It’s always something, part one

The early morning birth of my first grandchild, my granddaughter, Madeline Marie Gregory, was a profound experience. For many years I had hoped for a grandchild, a link to the future, a connection to my beloved deceased grandparents, a connection in the deep future, spanning over a century. After that birth I experienced overwhelming feelings of relief that my genetic makeup could survive, relief accompanied by accomplishment and pride… the fulfillment of a wish, a longing that had deep genetic roots, I believe.

As Madeline grew, I also grew and became a loving grandfather, a new role for me. He would embrace her with great pride and a loving hope for her future. I rocked her and sang to her, no known song, just something I made up, a song…possibly unique to her. “Madeline, sweet little Madeline, sweet little Madeline, she’s a bundle of joy, Madeline, sweet little Madeline, everyone loves Madeline, she’s a bundle of joy.” I felt that the simple song would help embody a feeling that she was loved and accepted by all, and that feeling would stay deep in her psyche and build her confidence throughout her life.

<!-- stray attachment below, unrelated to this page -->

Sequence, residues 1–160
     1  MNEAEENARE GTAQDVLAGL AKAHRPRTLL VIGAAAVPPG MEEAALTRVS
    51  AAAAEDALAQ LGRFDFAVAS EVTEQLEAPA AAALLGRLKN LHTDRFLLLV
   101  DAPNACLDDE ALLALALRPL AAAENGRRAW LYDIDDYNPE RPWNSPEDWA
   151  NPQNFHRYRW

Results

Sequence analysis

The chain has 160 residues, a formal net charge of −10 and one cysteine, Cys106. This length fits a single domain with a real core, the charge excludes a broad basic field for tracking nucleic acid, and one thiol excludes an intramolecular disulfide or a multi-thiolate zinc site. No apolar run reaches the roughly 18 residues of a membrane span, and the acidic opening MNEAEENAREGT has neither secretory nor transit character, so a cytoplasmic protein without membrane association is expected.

Madeline soon revealed that she had her own personality, her unique way of seeing the world. I first noticed it when I was left to care for Madeline while her parents were on a short day trip and my wife, Kathy Marie, was working at the post office. I realized that it was important to change Madeline’s diaper. She hadn’t done that in 25 years and that experience was infamous. I called Kathy and asked her to come over to the house. She told me to change it myself. Damned! I put Madeline on a towel on the floor, opened her diaper, and started gagging, gagging, making strange noises, and more gagging. I didn’t even know Madeline could say more than a word or two, but she looked at me and said condescendingly, “Oooh, Dad!” It was like he was making fun of me for having a weak stomach.

The next funny experience came when we were in a local big box store… I think Madeline was about four years old. My wife, Kathy, and Mary, my mother-in-law, were there. Towards the end of our shopping, we were having a hard time locating Mary. Kathy asked little Madeline to help us find Grandma Mary. Madeline was ready for the hunt. Kathy asked her what she was looking for and Madeline replied quickly and seriously, “White hair and old skin.”

Over the years, Madeline never stopped entertaining us. With her logic and directness, it was as if every statement she made came from her from a perspective we had never considered.

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